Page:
Does top management understand the inevitability of the boom-bust cycle and cynically employ ratings agency analyses to generate as much profit as possible while the cycle is oriented toward "boom"? This is not a speculation offered by this article, but it is one that emerges naturally from the issues examined.
Of course, top management is not likely to admit to such strategies. But in a way it makes a kind of grim sense. Certainly the boom-bust cycle is not unknown to senior management and employing ratings agencies.
The article continues with the following startling insight:
Regulators should focus on eliminating reliance on ratings for regulatory purposes. And why not … It is odd to look at the facts — Citigroup creates bond, Citigroup asks S&P for a rating, S&P rates bond AAA, Citigroup buys bond itself, bond goes bust — and conclude that S&P ripped off an innocent bank.
But it's easier to conclude that Citigroup wanted to take more risks, but was constrained by regulators to invest mostly in highly-rated securities, and that S&P helped it get around those constraints by giving risky securities high ratings.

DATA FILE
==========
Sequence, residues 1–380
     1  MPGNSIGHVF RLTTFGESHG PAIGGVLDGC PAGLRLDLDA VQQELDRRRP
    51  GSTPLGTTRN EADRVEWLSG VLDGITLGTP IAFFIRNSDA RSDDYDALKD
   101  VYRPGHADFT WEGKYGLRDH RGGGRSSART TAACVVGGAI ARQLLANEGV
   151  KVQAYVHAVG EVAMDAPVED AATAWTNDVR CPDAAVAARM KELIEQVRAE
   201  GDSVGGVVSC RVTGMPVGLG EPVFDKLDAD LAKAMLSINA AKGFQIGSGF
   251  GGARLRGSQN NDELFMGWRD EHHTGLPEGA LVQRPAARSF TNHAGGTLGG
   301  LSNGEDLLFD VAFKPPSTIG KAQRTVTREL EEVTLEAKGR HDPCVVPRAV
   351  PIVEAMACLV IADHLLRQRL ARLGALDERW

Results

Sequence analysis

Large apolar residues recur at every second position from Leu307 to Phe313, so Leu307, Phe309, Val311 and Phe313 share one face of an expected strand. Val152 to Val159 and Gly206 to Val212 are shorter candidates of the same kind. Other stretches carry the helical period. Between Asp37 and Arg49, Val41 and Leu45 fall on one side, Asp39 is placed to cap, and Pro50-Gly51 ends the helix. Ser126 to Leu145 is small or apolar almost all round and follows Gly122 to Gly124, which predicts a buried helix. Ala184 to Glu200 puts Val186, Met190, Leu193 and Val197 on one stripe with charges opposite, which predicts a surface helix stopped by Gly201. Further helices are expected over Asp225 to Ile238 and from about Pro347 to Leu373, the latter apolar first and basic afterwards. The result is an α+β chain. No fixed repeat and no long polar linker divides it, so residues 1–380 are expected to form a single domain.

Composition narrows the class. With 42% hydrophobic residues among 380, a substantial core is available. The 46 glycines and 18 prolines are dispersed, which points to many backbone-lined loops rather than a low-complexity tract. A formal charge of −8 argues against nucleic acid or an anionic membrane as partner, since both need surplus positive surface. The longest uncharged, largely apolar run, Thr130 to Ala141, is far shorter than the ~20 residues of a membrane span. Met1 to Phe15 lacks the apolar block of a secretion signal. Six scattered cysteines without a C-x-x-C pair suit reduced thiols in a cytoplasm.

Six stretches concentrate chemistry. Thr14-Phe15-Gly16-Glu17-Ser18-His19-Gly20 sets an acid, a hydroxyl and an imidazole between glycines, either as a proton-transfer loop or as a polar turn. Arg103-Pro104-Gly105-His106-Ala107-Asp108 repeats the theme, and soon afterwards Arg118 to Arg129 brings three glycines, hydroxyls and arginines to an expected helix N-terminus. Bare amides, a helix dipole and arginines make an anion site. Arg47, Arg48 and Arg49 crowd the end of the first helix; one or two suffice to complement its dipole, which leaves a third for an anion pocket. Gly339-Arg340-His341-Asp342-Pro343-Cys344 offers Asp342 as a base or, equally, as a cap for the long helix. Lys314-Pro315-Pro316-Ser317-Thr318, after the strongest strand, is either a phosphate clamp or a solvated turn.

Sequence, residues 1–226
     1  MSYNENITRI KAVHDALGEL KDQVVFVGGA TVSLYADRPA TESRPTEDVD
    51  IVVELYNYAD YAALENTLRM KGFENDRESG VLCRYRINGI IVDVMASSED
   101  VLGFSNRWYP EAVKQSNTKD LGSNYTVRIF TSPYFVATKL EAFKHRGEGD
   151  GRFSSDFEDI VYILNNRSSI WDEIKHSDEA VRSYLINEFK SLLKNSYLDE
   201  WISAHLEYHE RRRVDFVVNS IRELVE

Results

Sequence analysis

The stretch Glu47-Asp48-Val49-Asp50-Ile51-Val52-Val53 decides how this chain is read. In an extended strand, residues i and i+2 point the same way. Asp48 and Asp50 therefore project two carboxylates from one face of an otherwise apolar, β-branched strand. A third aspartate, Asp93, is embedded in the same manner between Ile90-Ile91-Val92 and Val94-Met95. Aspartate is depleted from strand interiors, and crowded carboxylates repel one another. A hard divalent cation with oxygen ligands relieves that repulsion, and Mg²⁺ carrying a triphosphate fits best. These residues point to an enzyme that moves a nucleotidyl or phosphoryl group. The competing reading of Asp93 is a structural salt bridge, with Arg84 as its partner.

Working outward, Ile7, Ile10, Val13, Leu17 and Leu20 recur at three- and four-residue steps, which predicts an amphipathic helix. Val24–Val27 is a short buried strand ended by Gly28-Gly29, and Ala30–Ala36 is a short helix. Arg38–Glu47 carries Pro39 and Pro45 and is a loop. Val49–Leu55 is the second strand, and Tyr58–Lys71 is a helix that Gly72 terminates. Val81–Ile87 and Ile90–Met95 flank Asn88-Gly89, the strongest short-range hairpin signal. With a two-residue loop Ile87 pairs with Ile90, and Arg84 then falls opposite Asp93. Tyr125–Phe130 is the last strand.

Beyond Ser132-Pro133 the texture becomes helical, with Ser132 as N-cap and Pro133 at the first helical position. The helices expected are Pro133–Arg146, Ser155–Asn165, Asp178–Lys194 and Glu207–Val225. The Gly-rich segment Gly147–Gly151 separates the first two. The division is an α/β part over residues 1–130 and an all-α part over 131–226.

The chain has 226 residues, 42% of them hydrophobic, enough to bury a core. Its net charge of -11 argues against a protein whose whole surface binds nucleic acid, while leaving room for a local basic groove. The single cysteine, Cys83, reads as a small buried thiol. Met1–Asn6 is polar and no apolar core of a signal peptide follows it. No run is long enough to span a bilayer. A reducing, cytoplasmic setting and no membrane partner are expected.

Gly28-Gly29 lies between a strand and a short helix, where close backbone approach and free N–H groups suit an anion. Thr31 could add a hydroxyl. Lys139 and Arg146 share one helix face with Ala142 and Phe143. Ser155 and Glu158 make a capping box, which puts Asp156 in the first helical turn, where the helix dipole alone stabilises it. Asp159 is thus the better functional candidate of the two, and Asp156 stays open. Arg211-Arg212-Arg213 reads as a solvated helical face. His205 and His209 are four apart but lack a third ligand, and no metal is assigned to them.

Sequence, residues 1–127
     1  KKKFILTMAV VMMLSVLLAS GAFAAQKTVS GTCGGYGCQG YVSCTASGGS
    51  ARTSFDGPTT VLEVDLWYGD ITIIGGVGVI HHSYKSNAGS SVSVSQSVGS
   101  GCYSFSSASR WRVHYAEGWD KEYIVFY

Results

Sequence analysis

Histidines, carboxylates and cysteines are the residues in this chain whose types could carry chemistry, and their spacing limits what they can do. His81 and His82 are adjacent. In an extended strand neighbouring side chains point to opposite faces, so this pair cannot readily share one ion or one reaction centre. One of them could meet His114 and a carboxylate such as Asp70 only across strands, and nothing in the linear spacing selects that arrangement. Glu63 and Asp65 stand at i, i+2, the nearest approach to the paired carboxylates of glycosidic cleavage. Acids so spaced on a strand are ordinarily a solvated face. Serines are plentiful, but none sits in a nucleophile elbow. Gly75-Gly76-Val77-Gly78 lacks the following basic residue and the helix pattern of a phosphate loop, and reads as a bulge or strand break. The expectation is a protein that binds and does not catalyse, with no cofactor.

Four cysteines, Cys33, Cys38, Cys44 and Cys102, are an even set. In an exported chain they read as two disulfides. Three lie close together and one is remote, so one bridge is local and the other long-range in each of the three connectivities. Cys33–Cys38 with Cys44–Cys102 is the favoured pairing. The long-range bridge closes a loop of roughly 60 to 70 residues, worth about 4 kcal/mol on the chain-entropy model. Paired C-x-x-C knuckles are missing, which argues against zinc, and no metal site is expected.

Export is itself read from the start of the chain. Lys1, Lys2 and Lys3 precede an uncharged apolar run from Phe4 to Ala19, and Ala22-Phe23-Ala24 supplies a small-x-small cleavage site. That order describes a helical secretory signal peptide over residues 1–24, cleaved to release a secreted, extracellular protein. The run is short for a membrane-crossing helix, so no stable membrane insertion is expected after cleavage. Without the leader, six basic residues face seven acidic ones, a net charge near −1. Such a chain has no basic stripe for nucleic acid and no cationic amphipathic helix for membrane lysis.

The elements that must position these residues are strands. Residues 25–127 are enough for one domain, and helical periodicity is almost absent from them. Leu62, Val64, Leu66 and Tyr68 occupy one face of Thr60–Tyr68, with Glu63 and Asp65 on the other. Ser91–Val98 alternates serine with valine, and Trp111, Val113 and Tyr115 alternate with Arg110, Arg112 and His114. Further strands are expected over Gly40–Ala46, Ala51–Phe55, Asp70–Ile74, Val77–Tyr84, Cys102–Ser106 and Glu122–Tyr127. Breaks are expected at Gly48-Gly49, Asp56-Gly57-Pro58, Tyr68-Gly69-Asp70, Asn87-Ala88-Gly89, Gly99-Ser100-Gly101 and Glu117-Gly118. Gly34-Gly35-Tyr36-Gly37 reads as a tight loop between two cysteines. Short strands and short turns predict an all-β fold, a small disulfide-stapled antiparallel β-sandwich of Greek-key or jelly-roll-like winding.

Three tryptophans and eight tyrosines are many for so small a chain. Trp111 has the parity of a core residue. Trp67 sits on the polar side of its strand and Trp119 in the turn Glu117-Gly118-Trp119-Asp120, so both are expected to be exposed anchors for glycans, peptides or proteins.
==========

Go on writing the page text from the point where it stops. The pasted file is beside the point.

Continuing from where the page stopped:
Insightful as this is, it doesn't go far enough. Here's the truth: So long as there are monopoly central banks of last resort, the entire financial industry is a kind of nonsensical construct.
Most investors labor under the disadvantage of potential losses that can prove deadly to their businesses and financial hopes. But for select too-big-too-fail institutions, the ordinary laws of economics are suspended. This allows such institutions to take tremendous risks that they would not otherwise undertake.
It's possible that the biggest players used ratings agencies to cynically "game the system." But the larger issue – and we've pointed this out before – is that at least once a generation, the ratings provided to ascertain creditworthiness are overtaken by cataclysmic events that illustrate quite clearly the basic unreality of the system.
The system itself is fantastical. Over and over, monopoly central banking renders even the largest financial institutions unstable. And one can question whether these vast banking instrumentalities would even exist without the brute judicial force of corporate personhood.
The "big secret" of the ratings industry and of the West's modern financial system in general is that the system is virtually guaranteed to experience bouts of insolvency.
Surely, we are in the midst of another monopoly-fiat money boom. In a year or two there will be a further crisis. Ratings agencies will be exposed – as before – for their fecklessness and the insufficiency of their analysis.
Creditworthiness is not an especially valid gauge these days. One needs to look carefully at monetary volume and even the velocity of money. The old rules simply don't apply (as before) during the expansion of this "Wall Street Party."